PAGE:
5. Don't turn off the radio if only one person has ventured into the nursery early on, especially someone new. Leave the radio on, otherwise an ominous silence will develop and scare them away.

6. BUT Don't bully customers to listen to Car Talk just because you think it's the best thing on Saturday morning.

7. Don't immediately try out your elementary or quite good Spanish when you hear a Spanish accent.

It is tempting to practice or show off and often your attempts will be met with exclamations of surprise and delight and appreciation and Motes Orchids will triumph once again but sometimes not. And it is well to remember that this individual who does not appreciate your helping out, may well have been in South Florida far longer than the average English speaker, and may well have a richer vocabulary than you do -given the latinate nature of so much Spanish vocabulary- (ie: long words).

8. SO Don't hand out orchid culture sheets in Spanish when you hear an accent unless you hand out the English one as you do so, saying: "Well, probably grandmother will be looking after the orchids too!Ha ha!"

9. Don't make too many suggestions and give too many options to customers who have a hard job making up their minds.

You know you've lost a sale when the comments slide from: "Oh! They're both so lovely I can't decide!" to-"Oh, heavens - what do you think of this one too?" To-"Oh, I really just can't decide. They're ALL so lovely!" and off they drift.

And 10 Don't start a long gloomy economic history of the pricing of orchids.

People have come for the flowers and (if they know us) bracing argument and conversation. Though I do think it is TOTALLY legitimate to point out why vandas should be more expensive than cute little commercial phalaenopsis and oncidiums and dendrobiums- those little Barbie doll orchids. Because vandas and often ascocendas too, are older and often have gone through a lot. Our orchids are more like parrots - they can outlive you if treated right. And a slightly battered appearance merely means these are five, six, seven years old (and on you can go-) Some of these orchids remember Andrew(1992.) If they could speak what a tale they could tell! Whereas your little phals- under two years old! Theyre like little Miss Worlds with their pretty, empty little heads! I'm sure they're all for World Peace and recycling but that's about it.

BUT PSSST! If it weren't for being Mrs motesiana and married to vandas and ascocendas- if I were fresh into orchids, with my frugal Clearance Rail First! philosophy, my Goodwill or Goodbye! I'd be the first one there, dumpster diving on rescue missions for little orphaned, fading Phalaenopsis round the back of Home Depot.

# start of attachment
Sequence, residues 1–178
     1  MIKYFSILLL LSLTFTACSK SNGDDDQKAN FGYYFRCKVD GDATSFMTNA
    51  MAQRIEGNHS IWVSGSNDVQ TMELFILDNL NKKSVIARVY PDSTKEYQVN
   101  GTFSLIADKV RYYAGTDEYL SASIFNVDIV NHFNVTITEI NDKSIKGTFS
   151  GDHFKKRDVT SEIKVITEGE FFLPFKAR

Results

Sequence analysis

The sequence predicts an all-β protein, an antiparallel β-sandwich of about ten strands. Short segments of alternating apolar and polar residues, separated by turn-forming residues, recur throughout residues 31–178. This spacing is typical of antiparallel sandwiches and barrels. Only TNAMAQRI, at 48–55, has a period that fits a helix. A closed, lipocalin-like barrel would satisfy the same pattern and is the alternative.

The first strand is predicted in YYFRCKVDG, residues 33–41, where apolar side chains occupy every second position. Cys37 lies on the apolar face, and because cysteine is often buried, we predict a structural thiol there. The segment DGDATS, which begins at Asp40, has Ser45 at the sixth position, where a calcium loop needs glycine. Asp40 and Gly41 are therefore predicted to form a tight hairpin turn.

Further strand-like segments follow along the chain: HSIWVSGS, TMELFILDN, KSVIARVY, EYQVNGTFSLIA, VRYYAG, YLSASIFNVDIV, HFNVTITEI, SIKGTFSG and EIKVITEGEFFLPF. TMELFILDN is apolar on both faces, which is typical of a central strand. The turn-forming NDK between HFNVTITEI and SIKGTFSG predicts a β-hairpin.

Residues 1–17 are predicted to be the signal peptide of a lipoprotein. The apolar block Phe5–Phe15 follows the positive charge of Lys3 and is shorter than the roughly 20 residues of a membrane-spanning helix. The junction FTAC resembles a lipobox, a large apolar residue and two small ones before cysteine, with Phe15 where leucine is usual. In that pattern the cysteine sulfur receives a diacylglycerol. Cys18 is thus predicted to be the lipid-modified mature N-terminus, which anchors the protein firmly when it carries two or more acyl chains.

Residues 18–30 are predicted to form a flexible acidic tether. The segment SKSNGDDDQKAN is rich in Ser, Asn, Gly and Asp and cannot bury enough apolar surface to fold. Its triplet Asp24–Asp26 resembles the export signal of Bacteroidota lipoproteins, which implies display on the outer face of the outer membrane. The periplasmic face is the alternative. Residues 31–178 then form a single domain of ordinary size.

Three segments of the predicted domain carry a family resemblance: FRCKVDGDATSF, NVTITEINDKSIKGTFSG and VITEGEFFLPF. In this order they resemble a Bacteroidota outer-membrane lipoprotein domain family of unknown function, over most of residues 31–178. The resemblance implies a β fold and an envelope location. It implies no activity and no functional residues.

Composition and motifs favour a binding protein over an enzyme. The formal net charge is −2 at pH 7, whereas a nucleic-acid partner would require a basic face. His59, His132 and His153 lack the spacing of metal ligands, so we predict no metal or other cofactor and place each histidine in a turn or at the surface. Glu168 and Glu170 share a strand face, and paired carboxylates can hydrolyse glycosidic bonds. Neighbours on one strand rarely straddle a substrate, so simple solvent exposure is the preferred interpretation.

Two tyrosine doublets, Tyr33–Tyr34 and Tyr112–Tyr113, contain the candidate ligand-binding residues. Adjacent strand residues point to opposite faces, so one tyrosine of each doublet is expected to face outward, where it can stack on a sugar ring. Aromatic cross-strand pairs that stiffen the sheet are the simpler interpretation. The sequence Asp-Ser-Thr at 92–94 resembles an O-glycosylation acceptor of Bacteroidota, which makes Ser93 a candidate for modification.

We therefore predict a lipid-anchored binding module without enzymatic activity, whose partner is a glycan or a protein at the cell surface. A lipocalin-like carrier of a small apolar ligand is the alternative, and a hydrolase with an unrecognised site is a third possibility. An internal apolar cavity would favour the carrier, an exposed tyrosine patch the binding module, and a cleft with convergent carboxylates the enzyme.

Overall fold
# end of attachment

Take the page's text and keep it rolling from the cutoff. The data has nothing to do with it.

Sunday, November 8, 2009

Do's and Don'ts of Orchid Buying

Actually Do's are pretty simple -Do buy orchids! Do pay the price stated including sales tax- which brings us to our first Don't:

Don't ask: "Why are you the only people charging sales tax?"
Because I want libraries to stay open, students to have music classes, pot holes to be filled! -And I don't want to get in trouble. Who are you? A sharp customer or a sharp customer from the IRS?

Don't ask: "This orchid doesn't have a price on it-so it's free isn't it? Ha Ha!"
And ha ha to you, too.

Don't ask: "How do I grow them?"
Orchids are the largest and most diverse family of flowering plants in the world. This is like going up to someone selling cakes and asking: "How do I cook?"

Don't ask "How do I grow them?" (Part 11)
If you live in Alaska, on a yacht, down a well, are allergic to plants or just waiting around for a friend, do not ask this question so eagerly and intently that the average orchid vendor becomes convinced that with a little encouragement and explanation, some of your disposable income will soon be his.

Don't ask: "I kill orchids! Now tell me what am I doing wrong?"
You are obviously an evil person and you are proving it by standing squarely in front of me and losing me a sale- Did you see that old hand at orchid shows, that lady who actually had picked up an orchid and was advancing, purse at the ready? Did you see her drifting off when she heard your opening line?

Don't ask: "Could you put this in a basket for me?"
No. The whole point is this orchid is sold as is, it's cheaper, a bargain, "bare-root" because it is Not In A Basket. This question works only too well if you are a drop dead gorgeous female addressing a male employee who has trouble getting dates and knows where the good baskets are kept.

Don't ask: "Do you have another orchid like that one last week- the one that woman got?"
You are distraught - it is the only one you ever really wanted and there must be another one somewhere in the nursery just as perfect and beautiful -but the funny thing is when we ask sympathetically, "What was the name? What size basket was it in? What color was it?" you often can't remember.
You just remember it was the most beautiful orchid and that woman swiped it. Here we need Dr. Motes (Literature and Philosophy)to fill us in on this phenomenon. If you cut out references to Plato etc., it boils down to the fact that reality can never live up to things remembered and dreamed of.